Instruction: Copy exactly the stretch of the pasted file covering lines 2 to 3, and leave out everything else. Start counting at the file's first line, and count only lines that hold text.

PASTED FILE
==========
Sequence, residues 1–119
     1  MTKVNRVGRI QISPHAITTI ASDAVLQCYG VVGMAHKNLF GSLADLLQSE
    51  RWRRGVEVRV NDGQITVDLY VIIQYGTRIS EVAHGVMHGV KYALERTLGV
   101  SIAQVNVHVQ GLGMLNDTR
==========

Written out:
     1  MTKVNRVGRI QISPHAITTI ASDAVLQCYG VVGMAHKNLF GSLADLLQSE
    51  RWRRGVEVRV NDGQITVDLY VIIQYGTRIS EVAHGVMHGV KYALERTLGV